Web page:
Sit back, close your eyes, and imagine yourself being successful at anything and everything you do. It does not matter what it is – pick anything. I mean it, literally anything on the face of the planet. Ignore your fear of failure and instead visualize finding success. It can be something important to you that you have wanted to be successful at for a long time. Conversely, maybe there is a new endeavor you would like to undertake and you do not even know where to begin.
Perhaps you want to lose weight and get into amazing shape? Maybe you want to master your cooking skills and become a culinary expert? Excel at personal finances? Master a new hobby like painting or skiing?
You can become a success at whatever you are envisioning. Seem too good to be true? Well, it’s not. I promise.
There is a secret to success and I am going to share it with you.
Success and our Society
Our society values success immensely. We look up to those who have mastered their craft or honed their abilities to perfection. Businessmen like Warren Buffett and Steve Jobs garner attention (even posthumously as in Jobs’ case). Successful athletes like Peyton Manning and Lebron James dominate headlines. The same goes for famous actors, musicians, etc.
The success of non-famous people is respected as well. The local business people, community leaders, politicians, artists, etc. – virtually anyone who has found success in their chosen pursuit – is viewed favorably. Why? Because being successful is a good thing. We all want to be successful in as many things as possible.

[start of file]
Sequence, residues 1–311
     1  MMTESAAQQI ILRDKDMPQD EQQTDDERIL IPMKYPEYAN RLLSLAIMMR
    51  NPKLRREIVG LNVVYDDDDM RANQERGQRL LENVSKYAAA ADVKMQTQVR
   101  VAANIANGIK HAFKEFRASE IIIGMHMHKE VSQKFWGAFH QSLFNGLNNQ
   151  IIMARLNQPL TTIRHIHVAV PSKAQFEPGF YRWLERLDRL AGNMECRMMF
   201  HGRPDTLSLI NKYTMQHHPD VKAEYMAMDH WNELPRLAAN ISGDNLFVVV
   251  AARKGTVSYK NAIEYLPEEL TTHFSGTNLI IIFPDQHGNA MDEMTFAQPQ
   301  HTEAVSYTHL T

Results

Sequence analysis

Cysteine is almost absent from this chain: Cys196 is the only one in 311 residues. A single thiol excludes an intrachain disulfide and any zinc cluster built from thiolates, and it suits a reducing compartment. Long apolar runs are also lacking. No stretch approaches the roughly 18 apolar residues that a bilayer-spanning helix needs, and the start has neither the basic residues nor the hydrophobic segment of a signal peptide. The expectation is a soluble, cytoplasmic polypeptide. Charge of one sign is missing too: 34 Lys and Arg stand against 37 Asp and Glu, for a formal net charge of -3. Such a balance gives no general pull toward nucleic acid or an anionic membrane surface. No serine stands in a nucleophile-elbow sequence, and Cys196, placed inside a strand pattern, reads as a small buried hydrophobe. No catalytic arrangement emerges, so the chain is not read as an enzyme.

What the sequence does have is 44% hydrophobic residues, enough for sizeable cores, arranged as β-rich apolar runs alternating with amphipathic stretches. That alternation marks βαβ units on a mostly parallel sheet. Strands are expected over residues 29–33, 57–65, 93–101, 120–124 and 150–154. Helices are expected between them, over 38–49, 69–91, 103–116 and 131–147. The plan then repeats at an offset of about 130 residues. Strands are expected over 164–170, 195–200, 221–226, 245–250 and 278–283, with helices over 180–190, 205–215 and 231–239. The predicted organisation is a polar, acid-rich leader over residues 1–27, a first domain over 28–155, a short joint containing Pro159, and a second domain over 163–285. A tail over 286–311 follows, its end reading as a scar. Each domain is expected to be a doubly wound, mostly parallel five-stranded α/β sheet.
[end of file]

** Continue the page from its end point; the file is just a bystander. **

Here is the rub: while we admire success, we often distort what it takes to achieve it. Our culture has morphed into linking success and instant achievement. Take a moment to think about all the headlines you see online or in print such as in magazines. The vast majority read something like “Lose 20 Pounds in 10 days” or “Earn $100,000 While You Sleep” or “Attract Your Soulmate Instantly “ or maybe even “Lose 20 Pounds in 10 Days While Earning $100,000 in Order to Attract Your Soulmate Instantly”!
This mentality is pervasive in our culture nowadays. No one has patience anymore. Modern technology does not help matters either since we can instantly get any type of information or shop or do whatever with a few keystrokes. Technology also allows us to be constantly exposed to images or stories of others’ success. This bombardment reinforces the belief that success should be quickly achieved or it is not worth it.
It has become all about the “now”, the present moment. Thus, if success does not arrive within a short period of time after trying whatever it is we want to be successful at, we either straight give up or slowly abandon our efforts.
Savvy marketers prey on our vulnerabilities and create an awful feedback loop which only serves to exacerbate the “find success now or give up” mantra.
It is no wonder New Year’s resolutions come and go with short-lived or zero success gained. People are well-intentioned and might try hard for a while, but so many ultimately give up and fall short of success.
The Secret to Success
Maybe you know where I am going with this, but the secret to achieving success is: time. Malcolm Gladwell, in his book Outliers: The Story of Success, popularized the theory that 10,000 hours of time spent in an activity will make you an expert. Now, this theory has since been debated by academics that claim 10,000 hours does not automatically turn you into an expert. Whether 10,000 is the magic number or not is irrelevant. The more time you spend doing something the better you will become at it and the chance for success continues to increase.